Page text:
An overlay is a lender imposed, expanded guideline that is essentially “on top” of the real guidelines given by Fannie, Freddie, FHA or VA. Unfortunately, many loans today are denied due to “overlays” and aren’t really denied loans. Realtors and buyers take the denial at face value and just quit the process. I’m here to tell you to question everything. Every condition, every question, and most certainly, every denial. It may not be the truth.
The latest HMDA statistic show that about 12% of all purchase contracts had issues with financing and fell through. My assumption is that many of these things are due to lender overlays, and therefore, aren’t real.
There are 3 main types of lender overlays. Credit Overlays (i.e. FICO score), Debt-to-Income Overlays, and the biggie, Performance-Based Overlays.
The Credit ones are easy to spot. If a lender is denying a loan for credit score, either the loan officer didn’t do their proper due diligence or he got stuck with a lender overlay. Sometimes you’ll get a pre-approval from a lender because DU (the automated underwriting system) is run typically without the overlay. The loan officer issued the approval and went on his happy way until he found out his company has a massive reserve or other requirement due to the lower credit score. This is all too common with FHA and VA loans.
These are a bit more tricky and easier to miss. Typically, these come in to play alongside a lower credit score or maybe a certain product type. For example, the lender may allow for an FHA credit score of 620, but requires the debt to income ratio be at 38 or better. I’m sometimes curious as to why some overlays exist as they are so strict; very few borrowers even qualify. If your borrower has a “debt to income” issue with a lender, definitely question it. I’ve heard of a recent case where because of a lender overlay, the underwriter was told to not count rental income which blew the deal up. And yes, the agency would allow the income to be used.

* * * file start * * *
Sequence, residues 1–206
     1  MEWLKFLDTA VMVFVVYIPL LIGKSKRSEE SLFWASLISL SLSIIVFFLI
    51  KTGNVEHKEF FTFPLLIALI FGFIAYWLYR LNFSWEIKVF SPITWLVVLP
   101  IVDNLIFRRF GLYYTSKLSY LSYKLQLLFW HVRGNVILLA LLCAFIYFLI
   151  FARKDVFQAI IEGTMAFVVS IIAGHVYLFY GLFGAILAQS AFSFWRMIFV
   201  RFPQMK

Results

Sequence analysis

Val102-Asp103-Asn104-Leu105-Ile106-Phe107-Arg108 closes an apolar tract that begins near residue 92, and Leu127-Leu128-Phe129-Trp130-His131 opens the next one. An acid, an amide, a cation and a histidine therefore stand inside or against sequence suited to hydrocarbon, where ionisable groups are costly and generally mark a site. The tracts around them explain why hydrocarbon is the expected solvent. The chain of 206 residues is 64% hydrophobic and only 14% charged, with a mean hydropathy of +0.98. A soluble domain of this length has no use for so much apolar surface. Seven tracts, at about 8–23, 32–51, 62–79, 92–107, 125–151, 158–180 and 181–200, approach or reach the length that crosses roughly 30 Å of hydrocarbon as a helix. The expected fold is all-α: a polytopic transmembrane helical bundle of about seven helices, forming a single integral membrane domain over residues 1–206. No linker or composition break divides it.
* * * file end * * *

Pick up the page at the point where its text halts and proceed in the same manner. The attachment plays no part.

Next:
This is probably the widest category of overlays. Lenders make a strategic decisions to do or not do loans based on historical performance of loans they originated. I know of a company that just doesn’t like to finance condos. They feel they are a higher risk and have evidence that for them, loans on condos didn’t perform as well as on single family homes. I used to work for a company that had an “FHA Compare Ratio” issue. They were in trouble by FHA with a higher than acceptable percentage of their FHA loans defaulting. So what did they do? They created an “overlay” to ensure quality. They raised the minimum credit score, lowered the maximum debt-to-income ratio, and even instituted a “no exception” policy for certain loans. All in order to get their loan quality up. Lenders can do what they want in this regard. They don’t have to follow the guidelines of the agencies. In this case, buyers who were denied for FHA financing were completely hosed as FHA denials follow the borrower from lender to lender and trying to get another FHA loan after a recent denial is challenging.
Who Has Overlays?
Any lender that sells their loans and doesn’t service the product being applied for will have overlays. The loan officer may tell you that they don’t have overlays, but they do. If a lender doesn’t service their loans, they are selling loan-by-loan to the end investor–Wells, Chase, BB&T, etc. and must adhere to their guidelines and overlays.
How Do you Get Away from Overlays?
Only lenders that go direct to the agencies can truly choose to not have any overlays. Companies like Caliber Home Loans or others that both originate and service their loans. You’d think that a big bank would be the safest stop. Well, absolutely not. They have many more eyes on their loan quality and shareholders to impress. After the financial crisis. it’s a tall order to get a bank to be flexible with your client’s loan.
Bottom line, question everything. Every condition that doesn’t seem right, every question, delay and every denial. You may be up against a lender overlay.